I’m not great with metrics but I think it’s fair to say that I wrote more this year than I’ve ever written in my life put together, except maybe the year I did NaNoWriMo. I wrote at least once a week for Parent Co., which was my main gig, plus I wrote regularly for a couple of other clients, I took a couple of writing classes, and there were, of course, my irregular blog posts here. Writing frequently with deadlines constantly looming was (not surprisingly) the best thing that has ever happened to me as a writer. Here is what I learned this year…
1| There will always be something to write about
It’s true. Yes, there were moments I thought I had nothing interesting to say or that everything worth saying had been said before and with more wit, humor, and clarity than I ever could manage. But then the time would invariably come for me to give my editors a slew of pitches from which to choose my next assignments. When the choice was a) mope around feeling bad for myself and my poor little uncreative brain or b) think of some goddamned ideas already, b always won.
2| You have to believe
I believe in manifesting. In other words when we look for something we’re going to find it. Is this new age bullshit? Maybe yes, maybe no but it works. Do you think all the bad stuff always happens to you? Do you think you will fail in the face of a challenge? You’re probably right. Are you convinced that life is amazing and beautiful? You will find joy in the most unexpected places. (True story: Dan often turns to me in the car and says “Aren’t fossil fuels amazing!? We are so lucky.” with this huge grin on his face.) Even when I wasn’t sure if I believed it, I forced myself to say these words in my mind: There is an abundance of ideas. Is it magic? I don’t know, maybe. I believe in that, too. (You guys, I AM THE ACTUAL TOOTH FAIRY. BELIEVING IN MAGIC IS ONE OF MY ESSENTIAL JOB FUNCTIONS.) What I know is that once I started telling myself the ideas would come, they did. And the more I came up with ideas, the more confident I felt that there would always be more. Other things I believe: There will always be a way to get paid for my work, my work matters to more than just me, my mom, and Dan, and I can resist the pull of Facebook, email, and Instagram while trying to work.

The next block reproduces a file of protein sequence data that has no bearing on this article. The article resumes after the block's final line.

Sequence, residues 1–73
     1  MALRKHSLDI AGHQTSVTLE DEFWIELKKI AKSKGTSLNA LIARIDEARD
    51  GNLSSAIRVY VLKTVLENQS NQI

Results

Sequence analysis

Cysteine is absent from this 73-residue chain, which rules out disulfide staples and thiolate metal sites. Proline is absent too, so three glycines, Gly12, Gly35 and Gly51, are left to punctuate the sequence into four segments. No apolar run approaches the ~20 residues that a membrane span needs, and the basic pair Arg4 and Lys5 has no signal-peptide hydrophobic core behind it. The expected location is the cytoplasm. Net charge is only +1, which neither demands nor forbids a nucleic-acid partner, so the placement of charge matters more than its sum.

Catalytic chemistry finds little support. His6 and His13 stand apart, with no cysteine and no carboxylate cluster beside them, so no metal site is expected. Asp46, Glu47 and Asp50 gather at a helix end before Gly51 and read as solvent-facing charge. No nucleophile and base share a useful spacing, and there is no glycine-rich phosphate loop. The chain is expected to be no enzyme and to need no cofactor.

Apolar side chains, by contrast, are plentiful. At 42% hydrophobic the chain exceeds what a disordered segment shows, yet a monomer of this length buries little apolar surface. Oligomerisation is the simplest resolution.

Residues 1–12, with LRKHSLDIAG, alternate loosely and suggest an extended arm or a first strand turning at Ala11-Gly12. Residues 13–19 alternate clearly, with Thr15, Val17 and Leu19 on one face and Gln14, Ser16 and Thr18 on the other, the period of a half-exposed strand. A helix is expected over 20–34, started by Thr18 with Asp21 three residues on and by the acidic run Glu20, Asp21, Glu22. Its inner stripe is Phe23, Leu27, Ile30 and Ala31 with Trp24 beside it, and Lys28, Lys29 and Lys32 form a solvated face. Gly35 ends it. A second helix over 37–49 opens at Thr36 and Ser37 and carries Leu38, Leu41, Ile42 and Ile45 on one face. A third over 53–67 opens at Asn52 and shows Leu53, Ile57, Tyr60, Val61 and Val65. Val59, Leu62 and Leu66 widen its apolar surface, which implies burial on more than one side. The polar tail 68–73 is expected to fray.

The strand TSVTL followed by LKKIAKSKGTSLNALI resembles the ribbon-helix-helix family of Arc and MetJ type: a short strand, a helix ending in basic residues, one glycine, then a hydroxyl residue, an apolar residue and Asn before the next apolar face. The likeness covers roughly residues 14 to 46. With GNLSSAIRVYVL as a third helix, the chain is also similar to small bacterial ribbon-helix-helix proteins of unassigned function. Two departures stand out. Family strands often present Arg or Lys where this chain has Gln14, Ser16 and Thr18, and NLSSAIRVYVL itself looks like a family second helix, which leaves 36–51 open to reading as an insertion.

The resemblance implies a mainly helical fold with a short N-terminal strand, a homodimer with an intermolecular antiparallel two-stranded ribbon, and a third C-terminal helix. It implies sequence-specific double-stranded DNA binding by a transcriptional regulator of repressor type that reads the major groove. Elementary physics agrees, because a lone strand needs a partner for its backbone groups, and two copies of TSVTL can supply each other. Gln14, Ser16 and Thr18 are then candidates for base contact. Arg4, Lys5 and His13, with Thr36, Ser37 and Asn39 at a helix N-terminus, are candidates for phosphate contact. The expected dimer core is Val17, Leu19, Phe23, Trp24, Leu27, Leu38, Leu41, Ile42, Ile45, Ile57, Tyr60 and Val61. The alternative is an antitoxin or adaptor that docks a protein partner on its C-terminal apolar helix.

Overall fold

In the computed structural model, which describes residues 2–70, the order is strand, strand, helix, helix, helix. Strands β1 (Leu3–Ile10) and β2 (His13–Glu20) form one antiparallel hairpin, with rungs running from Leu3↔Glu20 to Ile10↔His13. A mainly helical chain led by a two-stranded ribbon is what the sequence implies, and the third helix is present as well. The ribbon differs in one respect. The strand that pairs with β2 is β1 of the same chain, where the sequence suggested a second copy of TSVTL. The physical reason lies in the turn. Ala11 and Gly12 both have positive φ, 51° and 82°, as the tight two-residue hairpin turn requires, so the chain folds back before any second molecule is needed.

3| The voices get quieter
If you’re a writer (or a runner, or anyone who has ever done something hard), you know the voices I’m talking about. When you sit down at a blank screen (or show up at a race or do anything hard), they say you’re not good enough. They ask you who you think you are. They want to tear you down. But when you have a deadline you don’t have time for that. The more I practiced ignoring the voices the quieter and quieter they became until I finally got to a point where they got out of the way and just let me write.
4| Its okay not to be perfect
The more I wrote, the more comfortable I got with letting things be imperfect. That’s not to say I was okay with putting my name on shoddy work. I always submit work I’m proud of. But if you don’t set some kind of limit, you could be tweaking your work forever. That’s not hyperbole. I literally mean forever. You have to accept that there will be aspects of your work that you will wish you could edit after publication, and that is okay.
5| Embrace the cringe
I cringe when I read my early blog posts. It was 2007. I was 28 and dipping my toes into creative non-fiction (that’s fancy for blogging) for the first time. Some of those early posts are okay, some are mediocre, and some are awful. It was a few years after I wrote them when I started to realize that. And there are articles I’ve written less than a year ago that I’d like to edit the crap out of now. I’d delete whole paragraphs, save certain ideas for a whole new article, trim all the fat. But I consider this a good thing. It’s not just a sign that my work could have been better, though it is that, too. That I can recognize the flaws in my writing is also a sign I have grown as a writer.
6| Do what works
I have wasted untold hours on the internet searching for the secrets to productivity, creativity, and how to win at life. Wading through all the pretty infographics and Facebook discussion threads only made me feel inadequate. Successfully managing my deadlines made me feel like a rockstar. Working backwards, I ask myself, what “methods” worked for me? The same methods that have always worked for me; having an external deadline, breaking my tasks into smaller chunks, slotting those sub-tasks into my available free time, using low-tech methods such as a bullet journal (e.g. glorified spiral notebook) and an Excel sheet. I’ve also found—and this is a new one for me— that forcing myself out of bed at stupidly early times to write when the house is quiet and my mind is fresh works for me. I just don’t think well after the kids go to bed and staring at a screen before bedtime sometimes messes with my sleep. Also, it is a luxury to feel there is nothing I “have to” do after I put the kids down, as far as work. I’ll take the little luxuries where I can get them.
2 thoughts on “The best thing that ever happened to my writing life”
All stellar advice! I love hearing about how things have gotten easier. I really do feel that writing begets writing. When I take big breaks, it gets harder to get into it.